Here you will find information on the Revolutionary War both Patriot and Loyalists, The Civil War both Confederate and Union, and the World Wars. This site will also feature other countries, and historical information representing many different eras. You will also find information on Jill's ancestors as well as her extended families ancestors. Jill actively supports the preservation of family history and supports her ancestors patriotism no matter what side they supported. Jill welcomes you to look around and see if any of her information might help you in your genealogical quest.
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I have been doing genealogy research on my family and extended family lives since the 1970's. When I became disabled in Oct 2000 I began doing genealogy research 4-18 hours a day. I have completed three family history books for indirect family members, and one family history book for a friend. I have done an 2500 page ebook library edition of my family history and I am currently editing my full version 8000+ page family history book. I have successfully proven lines for membership in the National Society Daughters of the American Revolution (DAR), National Society Sons of the American Revolution (SAR), United Daughters of the Confederacy (UDC) and United Empire Loyalists' Association of Canada (UELAC) to name a few. I have been presented with numerous awards for my work in the genealogy field.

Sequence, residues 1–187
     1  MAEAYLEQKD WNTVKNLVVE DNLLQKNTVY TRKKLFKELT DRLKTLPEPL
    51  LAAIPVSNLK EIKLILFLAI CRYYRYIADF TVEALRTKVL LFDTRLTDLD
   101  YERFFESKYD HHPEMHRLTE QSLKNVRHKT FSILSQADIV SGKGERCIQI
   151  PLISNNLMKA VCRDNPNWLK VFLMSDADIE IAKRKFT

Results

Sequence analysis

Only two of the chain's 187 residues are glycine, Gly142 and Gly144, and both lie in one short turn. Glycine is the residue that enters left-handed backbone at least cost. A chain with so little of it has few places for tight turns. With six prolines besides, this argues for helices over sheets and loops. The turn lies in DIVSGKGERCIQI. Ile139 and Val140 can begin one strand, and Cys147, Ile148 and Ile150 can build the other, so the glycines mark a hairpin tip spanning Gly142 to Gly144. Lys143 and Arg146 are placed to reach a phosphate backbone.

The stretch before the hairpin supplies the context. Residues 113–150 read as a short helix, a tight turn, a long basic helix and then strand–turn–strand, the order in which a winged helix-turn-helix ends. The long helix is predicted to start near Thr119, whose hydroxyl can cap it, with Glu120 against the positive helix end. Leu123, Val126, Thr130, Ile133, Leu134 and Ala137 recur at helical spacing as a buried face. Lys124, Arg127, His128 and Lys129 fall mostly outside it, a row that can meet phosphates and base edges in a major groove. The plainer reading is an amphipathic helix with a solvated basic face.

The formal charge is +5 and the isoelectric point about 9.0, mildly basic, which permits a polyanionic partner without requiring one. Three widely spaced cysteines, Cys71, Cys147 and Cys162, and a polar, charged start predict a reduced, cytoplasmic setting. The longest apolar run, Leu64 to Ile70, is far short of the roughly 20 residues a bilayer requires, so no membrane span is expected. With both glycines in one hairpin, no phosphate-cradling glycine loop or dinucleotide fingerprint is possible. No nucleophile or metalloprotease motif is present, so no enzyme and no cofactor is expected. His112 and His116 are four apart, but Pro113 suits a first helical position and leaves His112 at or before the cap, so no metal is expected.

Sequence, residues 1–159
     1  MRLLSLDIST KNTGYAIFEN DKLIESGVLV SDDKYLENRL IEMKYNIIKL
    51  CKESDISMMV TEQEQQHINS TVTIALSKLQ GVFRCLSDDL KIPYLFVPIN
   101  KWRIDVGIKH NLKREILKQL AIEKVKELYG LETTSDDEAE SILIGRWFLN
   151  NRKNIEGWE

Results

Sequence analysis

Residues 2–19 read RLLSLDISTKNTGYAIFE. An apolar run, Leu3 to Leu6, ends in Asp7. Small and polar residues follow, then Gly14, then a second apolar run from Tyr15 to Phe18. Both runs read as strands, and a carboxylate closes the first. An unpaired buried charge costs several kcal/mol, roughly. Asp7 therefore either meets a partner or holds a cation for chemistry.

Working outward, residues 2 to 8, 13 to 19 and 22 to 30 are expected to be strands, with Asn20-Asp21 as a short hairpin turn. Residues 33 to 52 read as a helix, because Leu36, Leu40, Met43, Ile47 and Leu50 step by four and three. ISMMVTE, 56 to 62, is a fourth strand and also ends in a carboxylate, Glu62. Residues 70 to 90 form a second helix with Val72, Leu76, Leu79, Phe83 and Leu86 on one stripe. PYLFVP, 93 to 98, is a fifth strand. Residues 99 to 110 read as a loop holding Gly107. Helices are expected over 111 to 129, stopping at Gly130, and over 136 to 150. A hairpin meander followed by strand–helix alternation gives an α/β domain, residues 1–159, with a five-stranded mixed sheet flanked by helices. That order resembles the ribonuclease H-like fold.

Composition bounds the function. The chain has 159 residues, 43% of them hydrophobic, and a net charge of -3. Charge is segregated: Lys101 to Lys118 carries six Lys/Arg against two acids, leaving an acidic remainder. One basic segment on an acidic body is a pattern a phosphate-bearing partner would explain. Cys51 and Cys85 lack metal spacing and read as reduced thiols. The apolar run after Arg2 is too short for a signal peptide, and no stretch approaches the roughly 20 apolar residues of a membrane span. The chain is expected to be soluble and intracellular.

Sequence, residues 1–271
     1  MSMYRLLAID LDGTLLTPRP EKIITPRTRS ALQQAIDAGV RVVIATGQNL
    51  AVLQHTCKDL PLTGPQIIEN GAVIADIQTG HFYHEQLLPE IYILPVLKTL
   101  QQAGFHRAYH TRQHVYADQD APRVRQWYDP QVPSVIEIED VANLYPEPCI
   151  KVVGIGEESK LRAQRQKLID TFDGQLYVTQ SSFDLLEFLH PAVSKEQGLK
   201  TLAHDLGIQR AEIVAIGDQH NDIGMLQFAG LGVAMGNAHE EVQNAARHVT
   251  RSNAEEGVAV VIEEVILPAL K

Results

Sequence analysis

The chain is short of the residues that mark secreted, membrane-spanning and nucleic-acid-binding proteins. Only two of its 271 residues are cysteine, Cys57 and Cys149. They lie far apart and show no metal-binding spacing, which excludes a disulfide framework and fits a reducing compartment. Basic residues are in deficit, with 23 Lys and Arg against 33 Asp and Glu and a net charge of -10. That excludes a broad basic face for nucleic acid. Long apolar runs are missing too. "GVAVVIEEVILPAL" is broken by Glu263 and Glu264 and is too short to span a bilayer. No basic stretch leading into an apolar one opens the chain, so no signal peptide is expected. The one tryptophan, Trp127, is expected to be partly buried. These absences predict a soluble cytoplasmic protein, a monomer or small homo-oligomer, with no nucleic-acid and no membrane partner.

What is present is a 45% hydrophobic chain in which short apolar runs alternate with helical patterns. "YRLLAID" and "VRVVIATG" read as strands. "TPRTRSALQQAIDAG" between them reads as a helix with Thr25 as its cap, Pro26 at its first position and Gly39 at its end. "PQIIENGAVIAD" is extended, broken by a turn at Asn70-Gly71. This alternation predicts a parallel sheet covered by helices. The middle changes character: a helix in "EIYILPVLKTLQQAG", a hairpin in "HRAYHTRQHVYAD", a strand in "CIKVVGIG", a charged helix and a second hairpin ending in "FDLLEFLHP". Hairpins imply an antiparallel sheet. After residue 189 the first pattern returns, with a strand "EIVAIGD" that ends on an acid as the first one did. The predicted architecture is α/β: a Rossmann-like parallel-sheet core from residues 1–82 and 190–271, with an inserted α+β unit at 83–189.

Monday, May 28, 2007 - Bangor Daily News
It’s accepted that John Hawes married a granddaughter of John Howland, Desire Gorham, thus making John and Desire Hawes’ children descendants of the Mayflower.
They had a son John Hawes, who left New England and popped up in North Carolina. Same person? If so, his issue could join the General Society of Mayflower Descendants.
Historian General Ann S. Lainhart and Assistant Historian General Alicia Williams recently accepted this line — on the basis of a Hawes DNA study of the Hawes Y chromosome.
I didn’t necessarily expect a lineage society to accept DNA studies as proof this soon, but I know Ann Lainhart to be a thorough and fair researcher. This use of DNA to join a lineage society is certainly a major step in such research. (Click the "Read More")
By Tammie Dehler
Special to the Tribune-Star
TERRE HAUTE — The Pre-emption Act of 1841 was approved by Congress in September of that year. This act permitted “squatters” on federal lands to be allowed to purchase that land at a low price from the federal government before it went up for public auction. The Act specifically allowed single men, widows, male or female heads of households, and aliens who intended to become naturalized, if 21 years old or older, and who lived on the land for at least 14 months, to purchase 160 acres of land for the price of only $1.25 per acre. (Click the "Read More")